Samsung Electronics Co, the world's largest maker of flat panels, said it will spin off its unprofitable liquid-crystal display division as the company focuses on making thinner, brighter TVs.
The new company, provisionally named Samsung Display Co, will be set up on April 1 with paid-in capital of 750 billion won ($668 million), Samsung said in a filing last week.
Samsung's liquid-crystal display business had an operating loss of 750 billion won last year as global television sales slowed. The spinoff company may eventually merge with the Samsung Mobile Display venture that makes organic light-emitting diode panels, as Samsung prepares to meet growing demand for the new technology, said James Song, an analyst at Daewoo Securities Co.
"It's a good decision for Samsung Electronics," Seoul-based Song said by telephone. "The long-term direction for their display business is going OLED (organic light-emitting diode). They can improve efficiency of investment by combining similar businesses."
Samsung is reviewing an eventual merger of its liquid crystal display and organic light-emitting diode operations, Nam Ki Yung, a Seoul-based spokesman, said by phone.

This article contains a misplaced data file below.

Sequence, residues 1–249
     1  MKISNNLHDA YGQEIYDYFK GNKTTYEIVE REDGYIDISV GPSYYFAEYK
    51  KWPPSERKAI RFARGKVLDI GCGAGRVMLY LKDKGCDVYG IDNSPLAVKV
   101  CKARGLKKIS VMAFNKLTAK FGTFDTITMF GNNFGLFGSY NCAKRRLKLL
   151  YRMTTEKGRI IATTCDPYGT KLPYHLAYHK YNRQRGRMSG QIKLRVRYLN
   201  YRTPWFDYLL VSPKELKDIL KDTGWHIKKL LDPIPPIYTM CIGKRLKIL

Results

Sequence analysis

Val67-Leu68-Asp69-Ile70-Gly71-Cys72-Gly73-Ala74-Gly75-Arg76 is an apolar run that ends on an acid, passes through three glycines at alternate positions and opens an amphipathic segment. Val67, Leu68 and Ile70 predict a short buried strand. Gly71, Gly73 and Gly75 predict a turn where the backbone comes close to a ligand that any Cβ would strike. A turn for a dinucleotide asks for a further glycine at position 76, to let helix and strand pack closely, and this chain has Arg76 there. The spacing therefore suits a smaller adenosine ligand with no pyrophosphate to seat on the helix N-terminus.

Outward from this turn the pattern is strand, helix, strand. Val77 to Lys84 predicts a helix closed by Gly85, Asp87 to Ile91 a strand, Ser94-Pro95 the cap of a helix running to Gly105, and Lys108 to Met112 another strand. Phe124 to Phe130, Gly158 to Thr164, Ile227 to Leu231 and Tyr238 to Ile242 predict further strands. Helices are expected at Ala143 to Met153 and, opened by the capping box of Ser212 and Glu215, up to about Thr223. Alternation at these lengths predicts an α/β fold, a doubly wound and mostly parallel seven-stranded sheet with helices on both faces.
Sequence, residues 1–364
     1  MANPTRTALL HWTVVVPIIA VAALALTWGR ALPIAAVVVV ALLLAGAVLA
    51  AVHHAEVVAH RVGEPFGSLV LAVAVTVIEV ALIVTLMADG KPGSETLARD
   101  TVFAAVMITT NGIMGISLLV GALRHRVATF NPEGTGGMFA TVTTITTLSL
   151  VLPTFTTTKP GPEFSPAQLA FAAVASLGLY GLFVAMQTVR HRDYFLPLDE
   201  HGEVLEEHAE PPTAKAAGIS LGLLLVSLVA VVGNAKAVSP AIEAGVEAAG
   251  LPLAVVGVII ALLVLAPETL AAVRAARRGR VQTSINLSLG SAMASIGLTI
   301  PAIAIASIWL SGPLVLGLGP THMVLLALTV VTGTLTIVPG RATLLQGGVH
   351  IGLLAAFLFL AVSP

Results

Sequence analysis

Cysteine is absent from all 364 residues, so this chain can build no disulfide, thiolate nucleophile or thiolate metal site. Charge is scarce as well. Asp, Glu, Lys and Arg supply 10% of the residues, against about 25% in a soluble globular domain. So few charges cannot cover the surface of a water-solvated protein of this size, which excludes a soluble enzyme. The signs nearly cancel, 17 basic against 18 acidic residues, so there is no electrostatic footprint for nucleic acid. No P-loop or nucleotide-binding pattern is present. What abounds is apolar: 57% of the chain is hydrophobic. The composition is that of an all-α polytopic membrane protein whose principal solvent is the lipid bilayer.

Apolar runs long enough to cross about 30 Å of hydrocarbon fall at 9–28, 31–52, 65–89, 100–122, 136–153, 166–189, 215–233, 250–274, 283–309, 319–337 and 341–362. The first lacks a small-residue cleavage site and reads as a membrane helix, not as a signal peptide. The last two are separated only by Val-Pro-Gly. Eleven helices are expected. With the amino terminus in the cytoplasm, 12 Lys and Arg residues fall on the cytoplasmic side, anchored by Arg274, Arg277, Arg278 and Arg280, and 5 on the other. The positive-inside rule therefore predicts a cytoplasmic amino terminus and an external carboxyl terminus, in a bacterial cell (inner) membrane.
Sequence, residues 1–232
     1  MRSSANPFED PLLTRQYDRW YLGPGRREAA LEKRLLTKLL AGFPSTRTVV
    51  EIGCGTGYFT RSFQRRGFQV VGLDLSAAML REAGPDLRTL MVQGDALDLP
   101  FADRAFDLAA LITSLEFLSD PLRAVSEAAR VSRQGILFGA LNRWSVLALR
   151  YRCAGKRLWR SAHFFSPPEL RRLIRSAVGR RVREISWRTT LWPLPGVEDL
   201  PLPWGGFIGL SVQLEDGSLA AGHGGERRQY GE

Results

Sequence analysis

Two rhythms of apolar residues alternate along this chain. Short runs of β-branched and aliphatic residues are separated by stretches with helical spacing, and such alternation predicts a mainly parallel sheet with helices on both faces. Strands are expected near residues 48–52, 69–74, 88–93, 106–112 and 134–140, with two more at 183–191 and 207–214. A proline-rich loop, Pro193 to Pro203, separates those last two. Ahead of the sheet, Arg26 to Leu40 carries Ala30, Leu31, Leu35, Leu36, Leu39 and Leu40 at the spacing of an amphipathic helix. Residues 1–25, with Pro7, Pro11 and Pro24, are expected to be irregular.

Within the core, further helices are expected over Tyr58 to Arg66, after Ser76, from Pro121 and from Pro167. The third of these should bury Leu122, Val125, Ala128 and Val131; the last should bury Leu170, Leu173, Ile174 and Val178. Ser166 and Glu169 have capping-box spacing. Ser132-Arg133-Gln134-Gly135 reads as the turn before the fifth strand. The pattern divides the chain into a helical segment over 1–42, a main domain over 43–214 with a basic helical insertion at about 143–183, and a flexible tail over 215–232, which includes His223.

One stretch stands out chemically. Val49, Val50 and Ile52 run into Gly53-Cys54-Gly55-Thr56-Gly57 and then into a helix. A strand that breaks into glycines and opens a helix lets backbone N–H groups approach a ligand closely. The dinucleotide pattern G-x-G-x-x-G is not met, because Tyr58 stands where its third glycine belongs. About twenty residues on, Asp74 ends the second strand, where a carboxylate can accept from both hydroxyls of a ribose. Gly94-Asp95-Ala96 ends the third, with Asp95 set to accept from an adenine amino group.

Samsung fell 0.1 percent to 1,175,000 won at the 3 pm close of trading in Seoul, while the Kospi index gained 0.1 percent. The consumer electronics maker has climbed 22 percent in the past 12 months, compared with a 0.6 percent gain for the benchmark.
While organic light-emitting diode displays are mostly used in mobile devices such as Samsung's Galaxy smartphones, the company, based in Suwon, South Korea, and competitor LG Electronics Inc are looking to use the technology in televisionss and may start selling sets this year. The new models can be wafer thin and produce richer colors than liquid-crystal display sets.
The organic light-emitting diode display market may grow to more than $20 billion by 2018, accounting for about 16 percent of the total panel market, from an estimated $4 billion, or 4 percent of industry-wide revenue, last year, according to DisplaySearch, based in Santa Clara, California.
Samsung plans to spend 6.6 trillion won on its display business this year, the company said last month, without elaborating on how the money will be spent. Spending on liquid crystal displays won't be "significant", Robert Yi, senior vice-president for investor relations, said on a conference call after the release of fourth-quarter earnings in January.
Investment in the organic light-emitting diode business will probably amount to about 5 trillion won this year, Song said.
Samsung Mobile Display was set up in 2009 by Samsung Electronics and affiliate Samsung SDI Co.